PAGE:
This is the house that inspired the book (upon which the film was based). Located in the St. Luis suburbs, it's quite unassuming, but in the 1940s it was host to a slew of paranormal activity. Allegedly the son of the family who lived there used a Ouija board to attempt to contact his aunt (a former Spiritualist), who had recently died.
My goodness, how this story has been cultivated over the years. As a native Saint Louisan, I am surprised that the details are so different from those we all grew up with. Greater interest would have been about the room in St. Alexian Brother's Hospital which had been sealed up. Even from the window outside it was spooky.
This is true..., the real Exorcist took place in Mount Rainier Maryland
parkebrown This house is still standing, A friend of mine lives across the street from it and has pictures of when they filmed just recently and it was aired on tv
http://fox2now.com/2015/10/28/tv-show-to-perform-exorcism-at-the-exorcist-house-in-st-louis/ It was LIVE
it was a good articlr
Wrong! The house is located in The Washington DC area. The town is called Cottage City, Maryland (near Brentwood Maryland). Maybe there was an exorcism there, but not the house from the movie. As a matter of fact, the house was plowed over and is a vacant lot now.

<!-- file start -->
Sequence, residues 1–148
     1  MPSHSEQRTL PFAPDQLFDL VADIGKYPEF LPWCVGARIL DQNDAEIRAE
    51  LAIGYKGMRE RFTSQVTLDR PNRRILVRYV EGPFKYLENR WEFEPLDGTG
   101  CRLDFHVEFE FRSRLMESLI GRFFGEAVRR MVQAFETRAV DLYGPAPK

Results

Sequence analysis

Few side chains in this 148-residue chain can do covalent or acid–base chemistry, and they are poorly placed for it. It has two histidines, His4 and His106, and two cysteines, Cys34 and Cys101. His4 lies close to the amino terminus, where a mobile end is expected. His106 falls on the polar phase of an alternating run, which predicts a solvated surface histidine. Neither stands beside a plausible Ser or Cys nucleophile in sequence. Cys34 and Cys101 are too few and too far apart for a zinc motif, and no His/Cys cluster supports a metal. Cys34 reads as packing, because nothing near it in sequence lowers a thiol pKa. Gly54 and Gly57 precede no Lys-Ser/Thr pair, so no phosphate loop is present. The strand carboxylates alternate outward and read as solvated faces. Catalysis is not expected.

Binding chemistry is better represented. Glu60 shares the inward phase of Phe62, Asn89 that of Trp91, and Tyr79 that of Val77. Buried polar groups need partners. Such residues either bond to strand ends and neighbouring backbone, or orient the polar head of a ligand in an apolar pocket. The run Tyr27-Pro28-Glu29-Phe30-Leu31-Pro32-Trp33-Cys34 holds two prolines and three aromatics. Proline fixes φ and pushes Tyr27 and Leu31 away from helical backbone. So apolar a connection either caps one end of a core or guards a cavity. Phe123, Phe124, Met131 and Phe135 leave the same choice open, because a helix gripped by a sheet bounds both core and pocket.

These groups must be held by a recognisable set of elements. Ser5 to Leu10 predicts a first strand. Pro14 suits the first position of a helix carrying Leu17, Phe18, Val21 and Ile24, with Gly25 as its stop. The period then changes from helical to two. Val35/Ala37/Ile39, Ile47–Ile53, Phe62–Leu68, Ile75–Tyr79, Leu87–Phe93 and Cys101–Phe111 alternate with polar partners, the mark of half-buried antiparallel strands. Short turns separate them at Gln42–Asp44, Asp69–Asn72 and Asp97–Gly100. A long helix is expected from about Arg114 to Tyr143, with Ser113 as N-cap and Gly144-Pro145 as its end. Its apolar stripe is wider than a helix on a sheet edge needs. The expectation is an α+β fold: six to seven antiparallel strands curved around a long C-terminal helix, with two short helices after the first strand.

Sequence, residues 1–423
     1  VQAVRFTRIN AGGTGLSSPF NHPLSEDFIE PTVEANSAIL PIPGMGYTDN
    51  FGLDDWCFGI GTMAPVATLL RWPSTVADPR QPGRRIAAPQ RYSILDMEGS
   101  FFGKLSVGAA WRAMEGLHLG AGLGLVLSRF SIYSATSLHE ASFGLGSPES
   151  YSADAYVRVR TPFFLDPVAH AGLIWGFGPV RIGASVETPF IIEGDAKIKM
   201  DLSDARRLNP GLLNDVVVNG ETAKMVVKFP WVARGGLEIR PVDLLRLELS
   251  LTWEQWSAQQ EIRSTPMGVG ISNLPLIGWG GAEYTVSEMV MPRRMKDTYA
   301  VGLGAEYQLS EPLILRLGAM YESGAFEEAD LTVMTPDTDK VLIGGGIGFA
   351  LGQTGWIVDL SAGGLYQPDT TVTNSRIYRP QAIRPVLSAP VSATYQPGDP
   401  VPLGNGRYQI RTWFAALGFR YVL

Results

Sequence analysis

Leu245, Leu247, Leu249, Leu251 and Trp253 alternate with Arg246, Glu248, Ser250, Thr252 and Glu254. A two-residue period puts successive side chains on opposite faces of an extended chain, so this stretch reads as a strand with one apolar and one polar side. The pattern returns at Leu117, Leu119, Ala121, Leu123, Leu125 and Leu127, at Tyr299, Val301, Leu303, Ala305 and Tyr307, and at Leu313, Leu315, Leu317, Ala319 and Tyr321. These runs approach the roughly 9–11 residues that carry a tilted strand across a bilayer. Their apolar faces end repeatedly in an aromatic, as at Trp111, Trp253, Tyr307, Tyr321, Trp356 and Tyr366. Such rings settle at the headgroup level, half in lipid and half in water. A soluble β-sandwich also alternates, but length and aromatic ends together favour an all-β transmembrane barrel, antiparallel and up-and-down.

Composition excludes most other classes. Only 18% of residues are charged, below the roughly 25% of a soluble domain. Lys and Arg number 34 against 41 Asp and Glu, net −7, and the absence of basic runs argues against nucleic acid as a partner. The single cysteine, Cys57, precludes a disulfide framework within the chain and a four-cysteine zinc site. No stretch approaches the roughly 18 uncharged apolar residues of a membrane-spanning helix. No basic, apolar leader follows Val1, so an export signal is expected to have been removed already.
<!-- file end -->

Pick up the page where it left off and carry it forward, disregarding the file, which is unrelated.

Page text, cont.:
Was tim that good. Addickted spung. His son sucks he wishes he was yawn holmes. Sober bored and single. Tims son. See yu around.
Party going on...
I'm curious, if this home is a private residence, does the current family ever experience paranormal activity
Who are the owners and how can you get in touch with them or Roland?
Be the first to add a review to the House that Inspired "The Exorcist".
House that Inspired "The Exorcist"
Hours not available
Is there a problem with this listing? Let us know.
Credit Cards not Accepted
Not Wheelchair Accessible
No Public Restrooms